Edwardsburg Ambulance welcomes rescue cat to build morale
EDWARDSBURG — The Edwardsburg Ambulance station has not gone to the dogs — but it has gone to the cats.
Underneath the breakroom’s TV sits a tall cat tree, while feathered toys are strewn about, all in favor of the agency’s newest employee.
Edwardsburg Ambulance recently welcomed a rescue cat named Six to its ranks. Named for the six toes she has on each foot, the four-legged companion lives at the station and is meant to boost morale and comfort the agency’s first responders, according to administrator Dennis Closson. Six is the first station pet Edwardsburg Ambulance has ever had.
“She’s already made it her home,” Closson said.
Closson said staff had wanted a dog for the station for the entire time he has been administrator, but due to insurance reasons, that was not feasible. However, a cat was possible, and when Closson saw a post on Facebook about an abandoned black kitten in need of a home, he knew Edwardsburg EMS was the place for her.
The two-month-old kitten has been living at the station for about two weeks now and has stolen the hearts and lifted the spirits of Edwardsburg Ambulance employees, Closson said.
“That was the big reason for getting her was morale,” he said. “[Our first responders] all are good-spirited people, but sometimes there are calls that get you down, and it has already made a noticeable difference in a couple of people.”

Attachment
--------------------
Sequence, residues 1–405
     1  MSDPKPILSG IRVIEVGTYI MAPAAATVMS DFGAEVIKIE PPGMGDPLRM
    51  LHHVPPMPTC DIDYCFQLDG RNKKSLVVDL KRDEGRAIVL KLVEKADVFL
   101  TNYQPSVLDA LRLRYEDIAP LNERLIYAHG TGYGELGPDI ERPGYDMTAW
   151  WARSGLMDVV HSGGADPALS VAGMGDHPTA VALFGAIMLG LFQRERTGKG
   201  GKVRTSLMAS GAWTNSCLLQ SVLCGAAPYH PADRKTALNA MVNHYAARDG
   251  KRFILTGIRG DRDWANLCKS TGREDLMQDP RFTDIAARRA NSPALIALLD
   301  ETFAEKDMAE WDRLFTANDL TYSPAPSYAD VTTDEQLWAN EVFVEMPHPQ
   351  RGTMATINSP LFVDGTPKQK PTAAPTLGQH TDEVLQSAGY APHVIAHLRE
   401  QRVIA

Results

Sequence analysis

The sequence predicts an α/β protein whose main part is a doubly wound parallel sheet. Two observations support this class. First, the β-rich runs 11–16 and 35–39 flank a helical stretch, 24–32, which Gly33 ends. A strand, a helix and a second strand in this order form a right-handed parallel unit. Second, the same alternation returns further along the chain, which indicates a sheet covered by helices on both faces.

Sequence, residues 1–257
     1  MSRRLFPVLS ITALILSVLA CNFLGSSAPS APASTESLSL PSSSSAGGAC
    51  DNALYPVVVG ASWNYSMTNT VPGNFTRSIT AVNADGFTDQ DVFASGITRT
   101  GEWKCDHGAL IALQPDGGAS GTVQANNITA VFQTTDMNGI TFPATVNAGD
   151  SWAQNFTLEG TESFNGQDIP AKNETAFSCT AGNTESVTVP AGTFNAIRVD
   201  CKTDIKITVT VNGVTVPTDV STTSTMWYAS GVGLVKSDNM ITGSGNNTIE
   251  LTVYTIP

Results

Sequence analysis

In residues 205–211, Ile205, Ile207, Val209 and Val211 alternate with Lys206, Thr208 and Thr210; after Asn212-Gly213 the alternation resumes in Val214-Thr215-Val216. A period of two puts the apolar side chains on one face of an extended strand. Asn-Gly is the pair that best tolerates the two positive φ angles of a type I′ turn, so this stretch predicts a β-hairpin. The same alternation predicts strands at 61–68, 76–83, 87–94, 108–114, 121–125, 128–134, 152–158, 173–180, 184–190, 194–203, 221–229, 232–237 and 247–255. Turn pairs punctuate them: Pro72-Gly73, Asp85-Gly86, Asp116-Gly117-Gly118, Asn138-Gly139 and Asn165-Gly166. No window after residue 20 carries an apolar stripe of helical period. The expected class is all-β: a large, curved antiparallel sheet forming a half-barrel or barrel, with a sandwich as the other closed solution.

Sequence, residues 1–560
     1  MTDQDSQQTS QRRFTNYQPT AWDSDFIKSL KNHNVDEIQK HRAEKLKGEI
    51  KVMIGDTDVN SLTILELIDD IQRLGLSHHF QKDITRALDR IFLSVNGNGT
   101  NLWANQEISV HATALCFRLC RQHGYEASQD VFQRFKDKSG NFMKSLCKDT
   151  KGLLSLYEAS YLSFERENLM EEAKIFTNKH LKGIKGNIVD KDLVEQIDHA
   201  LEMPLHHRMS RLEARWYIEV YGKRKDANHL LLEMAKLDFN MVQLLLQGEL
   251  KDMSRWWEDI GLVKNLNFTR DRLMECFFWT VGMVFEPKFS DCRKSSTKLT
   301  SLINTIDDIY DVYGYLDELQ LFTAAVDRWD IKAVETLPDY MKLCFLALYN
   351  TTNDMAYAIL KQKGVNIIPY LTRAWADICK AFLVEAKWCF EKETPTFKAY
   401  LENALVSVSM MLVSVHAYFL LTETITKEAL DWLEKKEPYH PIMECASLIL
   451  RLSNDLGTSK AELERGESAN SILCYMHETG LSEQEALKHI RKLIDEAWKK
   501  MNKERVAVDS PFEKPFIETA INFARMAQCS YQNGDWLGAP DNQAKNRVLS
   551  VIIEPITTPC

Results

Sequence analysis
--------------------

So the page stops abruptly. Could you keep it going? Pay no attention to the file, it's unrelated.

Two first responders who have already fallen in love with Six are Nathan Hamilton, EMT, and Erich Gebhard, paramedic.
Tuesday, as they waited for a call to come in, Hamilton and Gebhard sat in the office’s breakroom watching as Six darted across the room and giving her pets when she came up to them.
“She’s very friendly, very sociable,” Gebhard said. “She’s very entertaining.”
“She doesn’t sit still very well,” Hamilton added with a laugh.
A 19-year paramedic with Edwardsburg Ambulance, Gebhard said he was happy to see the agency gain a furry friend.
“She is something here to help take the stress off of us, like any pet,” he said. “It gives us something to focus on other than the job. Some of the things we see and some of the things we have to deal with can get pretty stressful, so to have something to relieve that stress is always important.”
Hamilton agreed, adding that Six has already helped lift spirits at the station.
As she continues to get acquainted with her new home and all the first responders at Edwardsburg Ambulance, Closson, Gebhard and Hamilton all said they were looking forward to taking care of Six for years to come.
“In between calls at the station, she gets a lot of attention,” Gebhard said with a smile. “She doesn’t give us much of a choice.”
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